It didn't.

I talked with my customer this morning. He told me that he'd given up, because if his wife had to use the whiz-bang Windows system, she'd quit. That wouldn't be good for the business or his home-life, so he is throwing away his upgrade investment. Well, not entirely: his mailserver could use a hardware boost, so we talked about overwriting Windows 2003 Server with Suse or Fedora - the hardware is way beyond what he'd ever need for a mail and web server, but using 20% of it is better than not using it at all..

Am I happy he's back on SCO? No, I'd rather he were on a Linux box, but that's not possible. His application vendor is moving on with Windows, telling him that they will be soon rewriting that using Microsoft .NET (and thus binding themselves even more irrevocably to Microsoft technologies). For the moment they will still somewhat reluctantly support the Unix version.. when that stops, my customer says he may limp along without support if he can.. or he'll have to look for other software or spend that upgrade money all over again.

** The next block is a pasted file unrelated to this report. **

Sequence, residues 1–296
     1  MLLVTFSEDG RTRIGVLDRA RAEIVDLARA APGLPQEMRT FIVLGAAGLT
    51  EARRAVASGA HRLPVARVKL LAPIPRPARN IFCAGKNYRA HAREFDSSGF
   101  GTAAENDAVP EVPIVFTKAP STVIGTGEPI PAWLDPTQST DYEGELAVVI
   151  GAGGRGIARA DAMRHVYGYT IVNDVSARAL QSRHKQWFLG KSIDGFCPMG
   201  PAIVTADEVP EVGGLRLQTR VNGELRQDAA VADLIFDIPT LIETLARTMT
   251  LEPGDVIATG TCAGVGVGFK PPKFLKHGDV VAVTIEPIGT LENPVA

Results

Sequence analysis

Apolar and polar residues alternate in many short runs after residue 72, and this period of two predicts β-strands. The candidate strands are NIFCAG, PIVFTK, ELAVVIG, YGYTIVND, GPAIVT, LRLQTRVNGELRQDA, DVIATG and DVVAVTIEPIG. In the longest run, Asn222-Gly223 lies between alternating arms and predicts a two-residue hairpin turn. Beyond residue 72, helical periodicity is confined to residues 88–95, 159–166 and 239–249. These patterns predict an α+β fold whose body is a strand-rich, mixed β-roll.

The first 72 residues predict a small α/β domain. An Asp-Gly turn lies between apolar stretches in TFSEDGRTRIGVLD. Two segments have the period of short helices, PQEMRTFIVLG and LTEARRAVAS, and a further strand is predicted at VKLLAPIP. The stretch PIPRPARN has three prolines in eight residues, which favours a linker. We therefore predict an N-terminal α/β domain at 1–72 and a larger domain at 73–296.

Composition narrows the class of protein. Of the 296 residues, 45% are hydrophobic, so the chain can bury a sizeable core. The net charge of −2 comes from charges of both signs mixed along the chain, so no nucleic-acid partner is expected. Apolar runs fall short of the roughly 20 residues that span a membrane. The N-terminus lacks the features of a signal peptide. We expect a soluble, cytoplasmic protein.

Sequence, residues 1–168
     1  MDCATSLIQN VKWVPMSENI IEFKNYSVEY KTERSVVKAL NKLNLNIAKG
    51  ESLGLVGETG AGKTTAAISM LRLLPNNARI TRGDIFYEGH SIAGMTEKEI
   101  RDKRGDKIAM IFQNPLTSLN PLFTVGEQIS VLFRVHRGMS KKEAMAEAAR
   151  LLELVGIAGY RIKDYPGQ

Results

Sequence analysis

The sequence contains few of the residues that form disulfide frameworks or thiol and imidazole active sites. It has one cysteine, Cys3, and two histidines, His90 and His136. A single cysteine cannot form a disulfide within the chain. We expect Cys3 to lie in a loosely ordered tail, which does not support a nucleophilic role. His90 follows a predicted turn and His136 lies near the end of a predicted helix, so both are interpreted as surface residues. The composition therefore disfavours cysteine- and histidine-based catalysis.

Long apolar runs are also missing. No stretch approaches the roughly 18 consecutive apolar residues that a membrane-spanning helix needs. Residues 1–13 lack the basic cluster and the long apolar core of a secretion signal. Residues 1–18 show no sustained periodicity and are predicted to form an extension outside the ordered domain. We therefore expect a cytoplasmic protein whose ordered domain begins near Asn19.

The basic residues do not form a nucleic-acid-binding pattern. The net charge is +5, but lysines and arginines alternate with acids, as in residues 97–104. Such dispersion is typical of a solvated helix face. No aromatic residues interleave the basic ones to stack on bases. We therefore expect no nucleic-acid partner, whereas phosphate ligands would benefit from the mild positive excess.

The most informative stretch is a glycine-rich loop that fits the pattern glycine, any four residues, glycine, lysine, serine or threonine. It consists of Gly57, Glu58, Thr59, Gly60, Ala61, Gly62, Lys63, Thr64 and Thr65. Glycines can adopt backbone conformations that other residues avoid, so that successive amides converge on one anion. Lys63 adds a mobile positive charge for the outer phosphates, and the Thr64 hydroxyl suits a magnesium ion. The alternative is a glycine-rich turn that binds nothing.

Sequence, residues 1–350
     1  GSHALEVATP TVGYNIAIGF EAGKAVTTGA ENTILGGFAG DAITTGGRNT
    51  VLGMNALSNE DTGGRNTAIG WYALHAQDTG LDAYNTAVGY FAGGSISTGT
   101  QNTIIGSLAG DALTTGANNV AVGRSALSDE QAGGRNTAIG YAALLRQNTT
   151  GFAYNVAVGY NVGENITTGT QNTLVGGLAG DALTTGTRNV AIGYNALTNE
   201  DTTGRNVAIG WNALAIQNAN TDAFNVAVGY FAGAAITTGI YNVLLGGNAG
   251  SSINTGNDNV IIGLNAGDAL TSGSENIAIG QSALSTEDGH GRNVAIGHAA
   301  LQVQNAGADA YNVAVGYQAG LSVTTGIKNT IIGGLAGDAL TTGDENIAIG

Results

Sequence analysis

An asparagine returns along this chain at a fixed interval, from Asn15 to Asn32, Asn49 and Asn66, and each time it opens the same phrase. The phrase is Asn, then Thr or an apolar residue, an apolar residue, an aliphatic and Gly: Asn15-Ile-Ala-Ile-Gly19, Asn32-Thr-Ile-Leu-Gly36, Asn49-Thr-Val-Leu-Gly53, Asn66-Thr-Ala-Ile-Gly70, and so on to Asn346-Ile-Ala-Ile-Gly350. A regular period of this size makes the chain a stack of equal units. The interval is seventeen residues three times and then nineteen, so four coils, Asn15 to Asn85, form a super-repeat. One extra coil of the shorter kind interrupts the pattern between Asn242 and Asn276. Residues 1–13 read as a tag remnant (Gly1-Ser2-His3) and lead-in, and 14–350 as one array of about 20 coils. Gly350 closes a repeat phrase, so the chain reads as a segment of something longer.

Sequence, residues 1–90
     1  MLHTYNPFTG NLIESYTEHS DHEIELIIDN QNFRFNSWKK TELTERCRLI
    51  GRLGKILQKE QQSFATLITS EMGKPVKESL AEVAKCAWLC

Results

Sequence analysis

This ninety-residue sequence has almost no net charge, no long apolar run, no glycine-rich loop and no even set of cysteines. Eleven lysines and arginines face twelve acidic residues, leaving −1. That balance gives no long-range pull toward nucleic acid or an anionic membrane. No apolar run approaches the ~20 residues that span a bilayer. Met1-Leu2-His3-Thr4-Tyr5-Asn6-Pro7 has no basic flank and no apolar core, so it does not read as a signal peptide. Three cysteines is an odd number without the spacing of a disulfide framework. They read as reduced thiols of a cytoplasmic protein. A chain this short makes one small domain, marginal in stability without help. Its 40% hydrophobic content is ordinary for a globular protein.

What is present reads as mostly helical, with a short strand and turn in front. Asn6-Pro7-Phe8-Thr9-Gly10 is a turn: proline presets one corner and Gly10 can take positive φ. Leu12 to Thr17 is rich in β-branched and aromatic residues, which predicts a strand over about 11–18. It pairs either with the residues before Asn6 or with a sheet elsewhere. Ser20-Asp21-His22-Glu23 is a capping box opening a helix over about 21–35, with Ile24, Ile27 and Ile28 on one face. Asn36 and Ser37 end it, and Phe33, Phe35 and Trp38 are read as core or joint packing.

I wish application vendors were smarter about this. Windows is NOT where they should be focusing. That's bad for them and their customers both in terms of overall cost and lock-in to a dangerous environment that will only become more costly in the years to come. Microsoft is going to need more and more new revenue and they'll suck it from those who are foolhardy enough to put on the golden Windows handcuffs. Moving to open source Linux is better all around.



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Sat Jan 26 02:31:13 2008: 3533   drag


This is fairly normal. At my old job they had to 'upgrade' a label printing application. This was dealing with commercial mass mailing so there is a lot of regulations they have to deal with with the post office and such to be able to retain certain certifications and get certain types of discounts.